“I think we’re doing a terrific job there, but there’s still a lot of work to do.”
Warn says the shared vision he and Cox crafted over those early catch-ups provided a road map through the initial few weeks of the pandemic.
“It gave us a solid framework for what we both needed to see achieved, and we could support each other through that period,” he explains.
During tumultuous times, a temptation for board directors is to “get more involved”, Warn says, but he adheres to a policy of “noses in and fingers out”.
“There’s a really important line that boards need to draw around how much they get involved in day to day management, and how much they can slow executive teams and organisations down,” he explains.
“My role as chair was quite challenging at times, in that I was needing to keep board members fully abreast of things, liase with key senior NSW Government officials, our Minister and the broader industry.
“It was happening at breakneck speed. Through this, my role was supporting, and providing breathing room and space for Steve, without getting in his way or slowing him down as a new CEO.
“As a board, we do disagree at times (meaning that) healthy debate, and seeking input from all is key, but because there’s a clear vision and mutual respect, we’re able to make the best decisions and move on.”
Cox says that difficult conversations are most productive in an open, transparent environment.
“It’s about having the trust that you can say what you need to say, without being worried about, ‘Am I going to be here tomorrow?’” he says.
Cox believes there are opportunities to drive further organisational change off the back of COVID-19.
“We don’t want to waste a crisis, we want to come out of this stronger than when we came into it,” he says.
In line with the principle of inclusiveness being modelled across the organisation, both men are keen to ramp up efforts to promote NSW’s attractions beyond Sydney, and Sydney’s attractions beyond the Opera House and Harbour Bridge.
To that end, Cox spends at least two days of every month in the regions, viewing new product, talking to local operators and getting feedback on what’s working and what’s not.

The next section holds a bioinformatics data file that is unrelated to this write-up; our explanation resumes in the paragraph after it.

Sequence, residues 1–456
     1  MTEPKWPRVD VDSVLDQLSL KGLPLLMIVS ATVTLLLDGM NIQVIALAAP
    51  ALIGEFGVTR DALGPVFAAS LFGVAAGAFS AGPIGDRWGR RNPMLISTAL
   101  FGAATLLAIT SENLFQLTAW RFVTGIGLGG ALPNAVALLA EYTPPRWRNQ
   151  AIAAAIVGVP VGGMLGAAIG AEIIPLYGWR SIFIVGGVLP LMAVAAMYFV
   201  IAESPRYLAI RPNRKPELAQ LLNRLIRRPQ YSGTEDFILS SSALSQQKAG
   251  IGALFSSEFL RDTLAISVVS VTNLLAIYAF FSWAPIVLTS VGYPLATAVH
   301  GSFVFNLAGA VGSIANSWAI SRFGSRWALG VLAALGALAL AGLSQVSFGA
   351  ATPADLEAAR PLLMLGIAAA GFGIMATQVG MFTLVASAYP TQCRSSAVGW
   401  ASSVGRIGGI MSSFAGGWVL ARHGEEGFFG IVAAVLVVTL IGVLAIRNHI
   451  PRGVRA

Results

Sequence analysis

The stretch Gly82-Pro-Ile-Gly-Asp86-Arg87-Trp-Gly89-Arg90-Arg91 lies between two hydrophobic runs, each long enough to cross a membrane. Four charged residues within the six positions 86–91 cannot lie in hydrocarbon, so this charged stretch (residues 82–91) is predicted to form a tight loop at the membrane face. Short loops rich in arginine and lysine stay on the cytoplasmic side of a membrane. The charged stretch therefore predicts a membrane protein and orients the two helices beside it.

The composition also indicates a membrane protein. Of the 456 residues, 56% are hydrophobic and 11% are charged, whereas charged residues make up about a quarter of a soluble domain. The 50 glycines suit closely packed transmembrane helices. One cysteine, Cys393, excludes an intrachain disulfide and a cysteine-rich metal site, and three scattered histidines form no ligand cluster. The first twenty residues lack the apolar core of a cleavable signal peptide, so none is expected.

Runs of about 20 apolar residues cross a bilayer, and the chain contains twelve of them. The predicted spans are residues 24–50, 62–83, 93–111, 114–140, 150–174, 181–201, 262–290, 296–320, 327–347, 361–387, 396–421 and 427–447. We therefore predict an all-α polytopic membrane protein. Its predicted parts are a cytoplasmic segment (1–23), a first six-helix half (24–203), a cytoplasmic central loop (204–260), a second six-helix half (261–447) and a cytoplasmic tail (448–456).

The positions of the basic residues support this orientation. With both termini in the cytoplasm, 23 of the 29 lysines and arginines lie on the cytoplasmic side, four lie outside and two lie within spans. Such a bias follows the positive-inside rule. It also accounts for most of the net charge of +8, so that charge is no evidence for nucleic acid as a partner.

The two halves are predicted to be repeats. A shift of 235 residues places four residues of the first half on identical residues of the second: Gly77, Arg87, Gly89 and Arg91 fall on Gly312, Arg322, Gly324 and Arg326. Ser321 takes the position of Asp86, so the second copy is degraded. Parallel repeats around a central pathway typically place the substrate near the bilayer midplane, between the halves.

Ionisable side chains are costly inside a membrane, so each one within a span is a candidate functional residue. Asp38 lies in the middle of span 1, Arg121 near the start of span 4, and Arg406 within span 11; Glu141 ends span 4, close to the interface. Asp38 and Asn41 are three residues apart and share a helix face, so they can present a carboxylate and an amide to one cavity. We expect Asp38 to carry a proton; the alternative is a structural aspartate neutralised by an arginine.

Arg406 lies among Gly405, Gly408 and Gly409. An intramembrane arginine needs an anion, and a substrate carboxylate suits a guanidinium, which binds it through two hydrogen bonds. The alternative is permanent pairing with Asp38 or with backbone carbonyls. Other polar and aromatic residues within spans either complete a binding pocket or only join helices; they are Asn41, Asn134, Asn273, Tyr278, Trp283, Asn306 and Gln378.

“It’s just like when you’re running retail businesses, you walk the store and you can tell how the organisation is going straight away by talking to the customers and directly being connected on the ground,” he says.
Warn, having deep family roots from the small town of Crookwell located in the Southern Tablelands of NSW, says regional areas of the state are also close to his heart.
“Having connection in country NSW keeps me anchored there and one significant change we’ve made in my time is that we aim to hold about every third board meeting in regional NSW,” he says.
“That’s been a little tricky through COVID-19, but it’s something that is very symbolic.
“We used to have 12 meetings a year in the DNSW offices in the Rocks in Sydney, but we’re now having meetings in Dubbo, Kingscliff, Hunter Valley, Albury and so on.
“In doing this, our stakeholders really believe that we’re representing all of NSW and not just Sydney and it’s a really important point for all of us at DNSW because this is a legacy opportunity.
“We have to do something different for the state, to ensure NSW remains No 1.”
John Warn GAICD
Based: Sydney/Gold Coast
Roles: Chair, Destination NSW; NED, Mainbrace Constructions; NED, Bradman Foundation
Studied: Monash University; Melbourne Business School; Stanford University Graduate School of Business(USA)
Worked: Odgers Berndtson, Scentre Group; Westfield Ltd; David Jones
Roles: CEO, Destination NSW
Studied: Macquarie University; Macquarie Graduate School of Management
Worked: Dymocks Retail; Dymocks Children’s Charities; Specialty Fashion Group, David Jones